25 years ago, Joselito C. Rescober is a practicing medical doctor…and also an actor and a producer on four out of the five films directed by Amir Shervan, Killing American Style (1990), Gypsy (1991), Samurai Cop (1991) and Young Rebels (1992). (http://cheresco.com/)
25 years later, FAC Leadership Team Member (FAC Actors Panel), Edwin A. Santos is an editor/post-production…and also an actor and a producer on four out of the eight films directed by Gregory Hatanaka, Mad Cowgirl (2006), Violent Blue (2011), Blue Dream (2013) and now Samurai Cop 2: Deadly Vengeance (2015) (http://www.edwin-a-santos.com/)
Two Filipino American professionals whose Hollywood careers closely mirror each other have joined together in the long-awaited sequel to the 1991 cult classic, Samurai Cop. Samurai Cop 2: Deadly Vengeance opens this Friday, October 9 at Los Angeles’ Laemmle NoHo 7 Cinemas.
Two days before the film’s premiere, FilAm Creative sat down with both men to discuss their journeys in the entertainment business.
RESCOBER / SANTOS: Thank you for having us. / Thank you.
FAC: Che, I’ll start with you.
FAC: How does it feel to reprise your role (he played the hilarious Alfonso Rafael Federico Sebastian, the Cuban waiter in the original film) in Samurai Cop 2: Deadly Vengeance?
RESCOBER: I feel excited, because this was unexpected. I did not think this would happen 25 years after the first one.
FAC: Edwin, what is your involvement in the sequel?
SANTOS: I am the production executive. And, I appear in the film.
FAC: Both of you began your careers as actors and are still acting today. How did you get started and why?
RESCOBER: It was my childhood dream to become an actor. That dream was fulfilled immediately because I became a medical doctor first. Although my medical profession took priority, I dabbled in stage acting first while attending acting classes at Leonetti Talent Agency and the American Film Institute.
SANTOS: Witnessed Steve McQueen as he filmed his scenes of “The Hunter” near my elementary school in Chicago and saw “Star Wars” for the first time were driving forces but my parents had other plans. Years later at Santa Monica College, my counselor advised me to take elective courses in order to transfer to medical school in UCLA. So, I enrolled in a theatre arts class. From then on, I transferred to California-State University, Northridge instead and was accepted in its Radio/Television/Film Program. And, after graduation, I studied at Weist-Barron-Hill, Upright Citizens Brigade and for a while then, I studied with a private coach. I love acting simply because a performance speaks the Truth.
FAC: What can we do as a Filipino American community to advance our careers?
RESCOBER: We have to forget the crab mentality and do our best to support our fellow FilAms in learning to network and improve our craft.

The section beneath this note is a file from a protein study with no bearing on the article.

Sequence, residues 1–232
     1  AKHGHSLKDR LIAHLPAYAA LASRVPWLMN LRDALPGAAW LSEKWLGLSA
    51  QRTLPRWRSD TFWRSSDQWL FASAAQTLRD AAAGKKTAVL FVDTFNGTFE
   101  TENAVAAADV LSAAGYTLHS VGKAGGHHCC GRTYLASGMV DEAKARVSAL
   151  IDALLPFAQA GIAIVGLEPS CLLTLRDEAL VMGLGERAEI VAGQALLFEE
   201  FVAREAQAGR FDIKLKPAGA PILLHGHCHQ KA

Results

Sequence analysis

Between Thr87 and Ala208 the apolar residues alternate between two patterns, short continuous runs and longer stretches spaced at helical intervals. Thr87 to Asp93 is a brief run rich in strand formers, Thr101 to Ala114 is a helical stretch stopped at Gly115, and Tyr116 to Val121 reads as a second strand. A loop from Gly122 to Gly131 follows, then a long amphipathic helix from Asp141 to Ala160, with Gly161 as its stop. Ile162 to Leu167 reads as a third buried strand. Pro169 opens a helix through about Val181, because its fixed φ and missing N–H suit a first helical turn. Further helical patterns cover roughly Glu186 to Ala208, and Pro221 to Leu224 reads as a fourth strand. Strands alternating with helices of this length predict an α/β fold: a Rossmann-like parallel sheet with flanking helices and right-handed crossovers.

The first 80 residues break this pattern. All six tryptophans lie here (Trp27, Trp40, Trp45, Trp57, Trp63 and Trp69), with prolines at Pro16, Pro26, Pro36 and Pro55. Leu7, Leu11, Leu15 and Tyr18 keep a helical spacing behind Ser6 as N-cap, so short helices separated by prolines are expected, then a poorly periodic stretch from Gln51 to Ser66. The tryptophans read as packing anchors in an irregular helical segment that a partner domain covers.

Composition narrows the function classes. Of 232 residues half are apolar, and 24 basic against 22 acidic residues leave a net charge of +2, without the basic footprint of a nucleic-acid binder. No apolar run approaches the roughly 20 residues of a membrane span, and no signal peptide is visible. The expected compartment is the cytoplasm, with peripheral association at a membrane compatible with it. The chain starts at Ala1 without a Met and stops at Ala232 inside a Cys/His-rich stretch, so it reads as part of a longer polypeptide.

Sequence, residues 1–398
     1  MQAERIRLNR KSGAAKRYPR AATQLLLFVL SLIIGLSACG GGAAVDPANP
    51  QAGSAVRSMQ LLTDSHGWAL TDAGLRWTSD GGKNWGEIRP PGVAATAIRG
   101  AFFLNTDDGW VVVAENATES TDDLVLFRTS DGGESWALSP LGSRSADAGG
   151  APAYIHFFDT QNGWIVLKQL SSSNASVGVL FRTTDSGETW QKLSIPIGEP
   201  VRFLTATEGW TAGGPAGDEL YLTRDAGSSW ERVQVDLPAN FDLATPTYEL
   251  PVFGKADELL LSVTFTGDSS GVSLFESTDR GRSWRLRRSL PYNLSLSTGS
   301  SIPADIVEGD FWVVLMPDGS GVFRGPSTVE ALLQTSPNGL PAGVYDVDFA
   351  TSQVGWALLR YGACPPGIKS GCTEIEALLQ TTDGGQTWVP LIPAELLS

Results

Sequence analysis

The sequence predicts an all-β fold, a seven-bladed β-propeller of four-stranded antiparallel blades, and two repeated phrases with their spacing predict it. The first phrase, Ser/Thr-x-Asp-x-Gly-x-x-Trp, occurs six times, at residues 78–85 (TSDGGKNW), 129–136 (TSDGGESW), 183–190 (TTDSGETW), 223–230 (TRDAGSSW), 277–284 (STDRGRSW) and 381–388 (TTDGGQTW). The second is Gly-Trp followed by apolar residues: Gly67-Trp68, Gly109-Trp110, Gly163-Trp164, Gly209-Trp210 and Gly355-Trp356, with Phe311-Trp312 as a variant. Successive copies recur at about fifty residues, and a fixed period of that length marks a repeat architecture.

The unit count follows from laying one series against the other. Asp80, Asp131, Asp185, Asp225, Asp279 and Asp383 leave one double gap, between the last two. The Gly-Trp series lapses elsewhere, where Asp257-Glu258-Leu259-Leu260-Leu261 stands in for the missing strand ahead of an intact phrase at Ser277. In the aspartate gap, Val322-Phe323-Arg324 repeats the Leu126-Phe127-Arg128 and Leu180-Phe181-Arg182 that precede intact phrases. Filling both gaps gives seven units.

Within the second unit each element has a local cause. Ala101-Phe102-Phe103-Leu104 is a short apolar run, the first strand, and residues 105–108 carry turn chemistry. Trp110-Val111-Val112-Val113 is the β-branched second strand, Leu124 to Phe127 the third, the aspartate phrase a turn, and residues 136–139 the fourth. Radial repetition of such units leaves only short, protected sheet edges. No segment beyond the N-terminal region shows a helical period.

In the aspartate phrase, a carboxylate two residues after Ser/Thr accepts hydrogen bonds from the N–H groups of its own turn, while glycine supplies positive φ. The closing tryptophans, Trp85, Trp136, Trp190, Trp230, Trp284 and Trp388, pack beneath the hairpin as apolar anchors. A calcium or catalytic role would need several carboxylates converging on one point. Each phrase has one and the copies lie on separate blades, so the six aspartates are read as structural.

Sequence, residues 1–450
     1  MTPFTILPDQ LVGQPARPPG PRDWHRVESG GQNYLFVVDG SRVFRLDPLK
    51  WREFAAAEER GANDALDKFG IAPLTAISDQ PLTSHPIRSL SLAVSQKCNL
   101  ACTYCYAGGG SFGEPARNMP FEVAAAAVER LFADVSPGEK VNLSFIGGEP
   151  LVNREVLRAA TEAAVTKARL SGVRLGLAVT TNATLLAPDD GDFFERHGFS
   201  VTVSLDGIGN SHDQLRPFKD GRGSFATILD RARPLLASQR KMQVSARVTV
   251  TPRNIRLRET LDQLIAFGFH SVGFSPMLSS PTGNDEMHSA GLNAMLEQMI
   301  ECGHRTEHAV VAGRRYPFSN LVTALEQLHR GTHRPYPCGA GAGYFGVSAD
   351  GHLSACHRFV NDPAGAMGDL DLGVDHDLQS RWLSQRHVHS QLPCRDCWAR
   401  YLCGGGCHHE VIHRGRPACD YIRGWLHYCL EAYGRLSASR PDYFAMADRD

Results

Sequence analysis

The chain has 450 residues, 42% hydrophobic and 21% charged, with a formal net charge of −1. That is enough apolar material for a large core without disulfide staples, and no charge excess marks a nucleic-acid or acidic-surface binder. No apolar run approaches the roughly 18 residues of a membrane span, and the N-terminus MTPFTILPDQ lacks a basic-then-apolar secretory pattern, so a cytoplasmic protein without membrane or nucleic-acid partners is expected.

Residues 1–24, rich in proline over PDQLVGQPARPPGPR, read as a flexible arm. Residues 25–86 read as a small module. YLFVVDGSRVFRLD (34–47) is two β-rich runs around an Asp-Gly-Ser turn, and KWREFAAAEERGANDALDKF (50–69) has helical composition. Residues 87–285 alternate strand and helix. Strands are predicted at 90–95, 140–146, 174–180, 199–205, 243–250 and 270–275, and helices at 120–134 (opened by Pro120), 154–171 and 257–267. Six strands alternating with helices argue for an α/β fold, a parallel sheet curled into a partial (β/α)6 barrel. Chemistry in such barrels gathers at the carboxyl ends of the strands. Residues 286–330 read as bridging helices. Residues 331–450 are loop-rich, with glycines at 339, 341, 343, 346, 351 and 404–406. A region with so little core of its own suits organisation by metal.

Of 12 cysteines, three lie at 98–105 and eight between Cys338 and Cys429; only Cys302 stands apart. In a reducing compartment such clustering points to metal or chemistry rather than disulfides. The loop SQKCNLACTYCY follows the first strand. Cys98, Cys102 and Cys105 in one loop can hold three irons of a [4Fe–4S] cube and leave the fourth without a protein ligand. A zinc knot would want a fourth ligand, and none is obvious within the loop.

SANTOS: Be more than just an actor. I say this not to discourage actors who only want to act. For me, I studied writing, directing, producing…even editing while at CSUN. In this competitive business, actors will have to learn other skills other than performance. It makes the actor hirable especially when collaboration is the theme. Many of today’s top studios and production companies such as BuzzFeed Motion Pictures are looking for creative artists who are triple threats. Becoming more than just an actor gives you that edge in this business, in my opinion.
FAC: What can we do to create a positive perception of Filipino Americans in entertainment and media especially in front of the camera?
RESCOBER: Show that we are versatile and always ready to take on whatever role is given to us to perform. Act naturally, and not try too hard.
SANTOS: I agree with Che. And, I’d like to say… it starts with you first. Pride is good but don’t be too proud. Be good to people. Get out of your own way and leave your ego at home. Learn everything and learn from the best. Have a Life. Challenge yourself. Create your own stories. Be positive. Take a risk. And, always listen.
FAC: Thank you for talking with us.
RESCOBER / SANTOS: Thank you / Thanks!
Catch Samurai Cop 2: Deadly Vengeance from October 9-15 at the Laemmle NoHo 7 Cinemas at Los Angeles’ North Hollywood district in Southern California. Midnight Screenings from November 20 & 21 at the Landmark Sunshine Cinemas in New York. And, at selected Alamo Drafthouse movie theaters in Houston, Denver and two locations in Virginia throughout the month of November.
Samurai Cop 2: Deadly Vengeance” is the long-awaited sequel to the cult classic “Samurai Cop”. Stars Matt Hannon (Joe Marshall) and Mark Frazer (Frank Washington) return, alongside Melissa Moore (Peggy), Cranston Komuro (Fuj Fujiyama) and Gerald Okamura (Okamura) from the first film. Produced in 1991, the original “Samurai Cop”, directed by Amir Shervan, continues to find a new generation of captive and rabid audiences through its recent revival on the midnight theatrical circuit and in film festivals. The sequel “Samurai Cop 2: Deadly Vengeance” is set 25 years later, and Detective Frank Washington is forced to team up with his long estranged partner Joe Marshall to solve a series of assassinations. In addition to taking on their resurrected nemesis Fuj Fujiyama (Cranston Komuro), the duo must face a new generation of villains, including Dogge Sakamoto (Bai Ling) and the enigmatic Linton Kitano (Tommy Wiseau).
The film also stars Kayden Kross, Mel Novak, Laurene Landon, Nicole D’Angelo, Mindy Robinson, Nicole Bailey, Lexi Belle, Shane Ryan, Joe Estevez, Kristine DeBell, Lisa London, and Joselito Rescober.
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